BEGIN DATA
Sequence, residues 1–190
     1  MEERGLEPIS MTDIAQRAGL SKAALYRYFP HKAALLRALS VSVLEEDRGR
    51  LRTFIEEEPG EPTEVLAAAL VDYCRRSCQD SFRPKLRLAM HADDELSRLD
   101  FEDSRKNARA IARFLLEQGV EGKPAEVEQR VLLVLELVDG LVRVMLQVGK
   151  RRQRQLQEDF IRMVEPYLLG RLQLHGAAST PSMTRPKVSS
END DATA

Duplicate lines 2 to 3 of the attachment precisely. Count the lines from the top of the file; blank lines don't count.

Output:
     1  MEERGLEPIS MTDIAQRAGL SKAALYRYFP HKAALLRALS VSVLEEDRGR
    51  LRTFIEEEPG EPTEVLAAAL VDYCRRSCQD SFRPKLRLAM HADDELSRLD